In lieu of an abstract, here is a brief excerpt of the content:

Reviewed by:
  • Mouth actions in sign languages: An empirical study of Irish Sign Language by Susanne Mohr
  • Richard Bank
Mouth actions in sign languages: An empirical study of Irish Sign Language. By Susanne Mohr. (Sign languages and Deaf communities 3.) Boston: De Gruyter Mouton, 2014. Pp. xviii, 231. ISBN 9781614514978. $140 (Hb).

While the hands are the most important articulators in signed languages, there is a lot of mouth activity when deaf signers sign among each other. This has been shown and studied for many sign [End Page 743] languages (e.g. contributions to Boyes Braem & Sutton-Spence 2001), but this book is the first to explore mouth actions in Irish Sign Language (ISL). Mouth actions can be roughly divided into two groups: mouthings and mouth gestures. The former are borrowings from the surrounding spoken languages in the form of (silently) articulated words from those languages; the latter are usually analyzed as language-inherent mouth actions that can fulfill, for instance, adverbial functions, or serve to make a sign well formed.

Susanne Mohr’s Mouth actions in sign languages provides a detailed background of mouth actions in general, and analyzes many specific instances in ISL. The book focuses on how mouth actions correlate with gender, age, and word class in ISL. After a short introductory chapter, the book takes off with a description of the sociolinguistic situation of the deaf in Ireland. Since the great majority of deaf children are born into hearing (i.e. nonsigning) families, the greater part of sign language acquisition takes place at deaf schools. Education of the Irish deaf has been strictly segregated for boys and girls in the past, to the extent that two different variants of ISL evolved that were not mutually intelligible. Moreover, after the introduction of oral education (resulting in the strict exclusion of sign language) at deaf schools across Europe in 1880 (see also Lane 1984), oralism was introduced fairly late in Ireland, in 1946 to the girls’ school and in 1957 to the boys’ school. Ch. 2 further provides an adequate description (although not necessarily relevant for the discussion of mouthings) of some of the modality-specific features of sign languages in general, intended for readers less familiar with sign languages: use of space, iconicity, simultaneity, and nonmanual features.

These nonmanual features of sign languages in general, including mouth actions, are put into theoretical perspective in Ch. 3. The first part of the chapter discusses eye gaze, head movements, and in particular facial expressions in relation to lexicon, syntax, and prosody. Although the discussion is generally informative, its function in the book is not clear: these nonmanuals are not returned to later on, nor are they specific to ISL. The second part of Ch. 3 discusses mouth actions in their usual subdivision of mouth gestures and mouthings. Regarding mouth gestures, M adopts the four-partite division proposed by Crasborn and colleagues (2008), which subdivides mouth gestures into adverbial mouth gestures, semantically empty mouth gestures, enacting mouth gestures, and mouth gestures as part of an overall facial expression. M does not further consider the latter type because its meaning is often more affective rather than grammatical (cf. Johnston et al. 2015, which considers this type as the most gestural of all mouth actions). Regarding mouthings, several theories on their linguistic status are discussed, such as mouthings as a form of on-line code-blending, or the multichannel nature of signs and mouthings and how they form composite utterances. M rejects or at least questions all theories for their applicability to ISL.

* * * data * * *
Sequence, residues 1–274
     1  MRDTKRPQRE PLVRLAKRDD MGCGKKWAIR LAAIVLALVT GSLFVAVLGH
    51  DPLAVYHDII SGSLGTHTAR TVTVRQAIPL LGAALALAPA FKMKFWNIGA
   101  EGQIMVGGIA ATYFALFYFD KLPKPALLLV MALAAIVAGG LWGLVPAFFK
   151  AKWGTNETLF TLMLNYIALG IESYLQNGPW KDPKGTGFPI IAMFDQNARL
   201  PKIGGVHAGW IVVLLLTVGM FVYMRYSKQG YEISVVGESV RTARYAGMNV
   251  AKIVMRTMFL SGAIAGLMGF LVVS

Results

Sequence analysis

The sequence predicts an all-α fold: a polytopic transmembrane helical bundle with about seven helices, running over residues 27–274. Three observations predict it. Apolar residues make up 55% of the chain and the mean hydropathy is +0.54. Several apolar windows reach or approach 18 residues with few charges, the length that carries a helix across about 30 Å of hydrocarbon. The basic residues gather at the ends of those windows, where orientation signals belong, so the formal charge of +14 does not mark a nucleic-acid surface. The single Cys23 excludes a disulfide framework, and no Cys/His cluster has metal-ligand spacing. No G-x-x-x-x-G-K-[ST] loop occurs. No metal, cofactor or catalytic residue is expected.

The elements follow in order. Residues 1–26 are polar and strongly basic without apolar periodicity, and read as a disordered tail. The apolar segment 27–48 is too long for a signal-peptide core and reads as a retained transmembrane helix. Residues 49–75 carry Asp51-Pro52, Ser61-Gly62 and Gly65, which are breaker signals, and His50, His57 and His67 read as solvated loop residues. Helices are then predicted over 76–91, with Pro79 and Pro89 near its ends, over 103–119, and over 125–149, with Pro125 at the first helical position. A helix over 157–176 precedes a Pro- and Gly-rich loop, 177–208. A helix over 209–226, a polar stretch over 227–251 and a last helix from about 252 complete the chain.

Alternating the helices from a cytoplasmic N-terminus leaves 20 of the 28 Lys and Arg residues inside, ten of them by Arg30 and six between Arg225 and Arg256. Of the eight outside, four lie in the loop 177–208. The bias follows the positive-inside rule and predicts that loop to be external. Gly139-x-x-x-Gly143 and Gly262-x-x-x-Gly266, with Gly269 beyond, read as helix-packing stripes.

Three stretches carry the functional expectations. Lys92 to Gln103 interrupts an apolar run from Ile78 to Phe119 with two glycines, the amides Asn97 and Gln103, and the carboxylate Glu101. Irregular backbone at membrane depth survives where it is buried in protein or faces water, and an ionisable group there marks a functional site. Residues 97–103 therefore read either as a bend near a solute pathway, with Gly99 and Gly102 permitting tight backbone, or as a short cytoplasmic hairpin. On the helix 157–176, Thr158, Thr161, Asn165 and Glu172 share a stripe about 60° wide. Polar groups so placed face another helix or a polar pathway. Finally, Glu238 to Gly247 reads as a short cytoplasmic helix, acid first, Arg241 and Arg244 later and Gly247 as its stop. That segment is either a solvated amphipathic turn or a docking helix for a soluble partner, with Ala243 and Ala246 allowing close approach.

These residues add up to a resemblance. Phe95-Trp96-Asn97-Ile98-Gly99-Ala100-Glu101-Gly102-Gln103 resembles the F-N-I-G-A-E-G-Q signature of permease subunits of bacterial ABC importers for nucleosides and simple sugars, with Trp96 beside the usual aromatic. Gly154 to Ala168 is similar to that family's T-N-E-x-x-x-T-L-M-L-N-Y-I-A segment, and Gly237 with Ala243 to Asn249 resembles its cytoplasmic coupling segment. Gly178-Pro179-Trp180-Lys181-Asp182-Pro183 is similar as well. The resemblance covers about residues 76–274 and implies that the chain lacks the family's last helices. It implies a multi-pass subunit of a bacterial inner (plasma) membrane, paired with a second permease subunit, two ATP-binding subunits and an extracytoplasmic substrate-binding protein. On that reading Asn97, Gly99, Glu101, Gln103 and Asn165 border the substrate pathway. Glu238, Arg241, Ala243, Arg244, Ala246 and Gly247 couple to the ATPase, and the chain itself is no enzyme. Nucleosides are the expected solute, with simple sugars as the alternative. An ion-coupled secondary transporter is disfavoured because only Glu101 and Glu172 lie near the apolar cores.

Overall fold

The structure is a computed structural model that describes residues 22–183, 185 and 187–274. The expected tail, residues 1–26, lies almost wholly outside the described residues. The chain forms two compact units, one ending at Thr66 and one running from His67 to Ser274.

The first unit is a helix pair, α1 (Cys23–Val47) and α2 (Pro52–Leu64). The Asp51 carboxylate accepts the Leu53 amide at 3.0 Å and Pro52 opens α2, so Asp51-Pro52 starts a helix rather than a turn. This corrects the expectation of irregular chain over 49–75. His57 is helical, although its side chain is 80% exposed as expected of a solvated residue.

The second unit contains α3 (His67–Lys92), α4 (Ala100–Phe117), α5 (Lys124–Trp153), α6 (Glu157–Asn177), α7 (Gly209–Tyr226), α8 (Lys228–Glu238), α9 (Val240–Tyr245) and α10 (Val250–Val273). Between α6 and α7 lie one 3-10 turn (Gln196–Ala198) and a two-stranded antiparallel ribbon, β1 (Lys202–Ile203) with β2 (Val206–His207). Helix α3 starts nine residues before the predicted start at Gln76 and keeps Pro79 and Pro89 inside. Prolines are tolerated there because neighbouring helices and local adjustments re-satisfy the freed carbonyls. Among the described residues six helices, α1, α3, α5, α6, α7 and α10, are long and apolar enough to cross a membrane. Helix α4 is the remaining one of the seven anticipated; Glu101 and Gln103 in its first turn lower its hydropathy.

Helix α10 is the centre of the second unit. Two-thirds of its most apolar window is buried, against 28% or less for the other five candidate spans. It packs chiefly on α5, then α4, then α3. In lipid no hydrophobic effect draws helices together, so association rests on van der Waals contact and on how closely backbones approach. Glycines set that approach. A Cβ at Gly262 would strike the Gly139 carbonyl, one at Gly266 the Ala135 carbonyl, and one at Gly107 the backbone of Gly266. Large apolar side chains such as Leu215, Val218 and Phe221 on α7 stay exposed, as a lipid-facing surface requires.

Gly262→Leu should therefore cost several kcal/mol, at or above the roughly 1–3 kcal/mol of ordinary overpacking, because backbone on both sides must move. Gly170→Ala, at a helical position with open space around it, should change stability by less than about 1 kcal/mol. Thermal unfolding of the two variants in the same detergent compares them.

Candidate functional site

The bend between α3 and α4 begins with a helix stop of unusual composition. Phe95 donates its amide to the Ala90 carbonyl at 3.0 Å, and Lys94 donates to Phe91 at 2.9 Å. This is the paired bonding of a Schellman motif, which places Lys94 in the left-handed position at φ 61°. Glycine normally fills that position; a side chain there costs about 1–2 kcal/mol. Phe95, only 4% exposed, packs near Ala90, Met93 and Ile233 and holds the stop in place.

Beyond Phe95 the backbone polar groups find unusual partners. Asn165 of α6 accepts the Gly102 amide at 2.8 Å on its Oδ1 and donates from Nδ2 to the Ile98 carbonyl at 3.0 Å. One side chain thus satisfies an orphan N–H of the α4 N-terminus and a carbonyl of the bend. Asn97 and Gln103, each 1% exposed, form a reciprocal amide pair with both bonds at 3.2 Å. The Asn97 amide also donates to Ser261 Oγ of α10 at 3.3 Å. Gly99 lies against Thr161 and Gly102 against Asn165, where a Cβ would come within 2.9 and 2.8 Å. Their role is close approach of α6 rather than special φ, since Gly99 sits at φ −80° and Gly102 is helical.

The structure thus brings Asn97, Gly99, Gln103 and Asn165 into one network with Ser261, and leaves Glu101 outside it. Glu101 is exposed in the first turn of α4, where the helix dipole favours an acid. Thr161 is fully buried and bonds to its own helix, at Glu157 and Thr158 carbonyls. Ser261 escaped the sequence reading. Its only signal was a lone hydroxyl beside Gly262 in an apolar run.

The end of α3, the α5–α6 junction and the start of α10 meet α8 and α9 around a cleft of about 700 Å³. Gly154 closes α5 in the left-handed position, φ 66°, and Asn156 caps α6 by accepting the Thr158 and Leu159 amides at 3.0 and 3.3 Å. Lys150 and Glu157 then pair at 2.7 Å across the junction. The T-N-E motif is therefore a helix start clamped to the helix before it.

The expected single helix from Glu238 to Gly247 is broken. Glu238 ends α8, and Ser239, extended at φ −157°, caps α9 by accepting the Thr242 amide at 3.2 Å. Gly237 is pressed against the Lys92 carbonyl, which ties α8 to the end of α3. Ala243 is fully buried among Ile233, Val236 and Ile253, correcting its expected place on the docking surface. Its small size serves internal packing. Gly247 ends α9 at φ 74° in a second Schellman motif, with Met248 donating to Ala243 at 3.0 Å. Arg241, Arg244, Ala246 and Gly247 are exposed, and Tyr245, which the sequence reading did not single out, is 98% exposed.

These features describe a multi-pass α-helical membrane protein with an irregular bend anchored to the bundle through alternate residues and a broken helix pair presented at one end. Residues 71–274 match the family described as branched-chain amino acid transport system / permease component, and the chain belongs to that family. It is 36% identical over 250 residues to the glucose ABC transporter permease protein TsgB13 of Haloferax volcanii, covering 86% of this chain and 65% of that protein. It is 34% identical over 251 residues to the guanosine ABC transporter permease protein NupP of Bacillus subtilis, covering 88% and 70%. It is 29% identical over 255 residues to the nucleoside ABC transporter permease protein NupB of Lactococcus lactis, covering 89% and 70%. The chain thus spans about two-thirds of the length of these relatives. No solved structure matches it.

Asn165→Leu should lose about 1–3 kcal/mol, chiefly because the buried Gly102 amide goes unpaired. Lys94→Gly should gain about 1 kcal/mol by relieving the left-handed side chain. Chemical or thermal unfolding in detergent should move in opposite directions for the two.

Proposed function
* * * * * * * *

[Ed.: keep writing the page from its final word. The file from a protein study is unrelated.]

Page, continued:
Ch. 4 introduces a typology of mouthings in ISL, based on M’s own research on the Signs of Ireland corpus. Twelve participants were selected from the corpus, evenly grouped into three age categories, each category containing two male signers and two female signers. The signers vary greatly in their age of sign language acquisition (for instance, age of acquisition in the youngest group (aged eighteen to thirty-five) varied between birth and twenty-five years of age), and also the language of communication with family shows great variation (English, ISL, gestures, or a mixture). This is something to be kept in mind for the discussion of...

pdf

Additional Information

ISSN
1535-0665
Print ISSN
0097-8507
Pages
pp. 743-746
Launched on MUSE
2015-09-25
Open Access
No
Back To Top

This website uses cookies to ensure you get the best experience on our website. Without cookies your experience may not be seamless.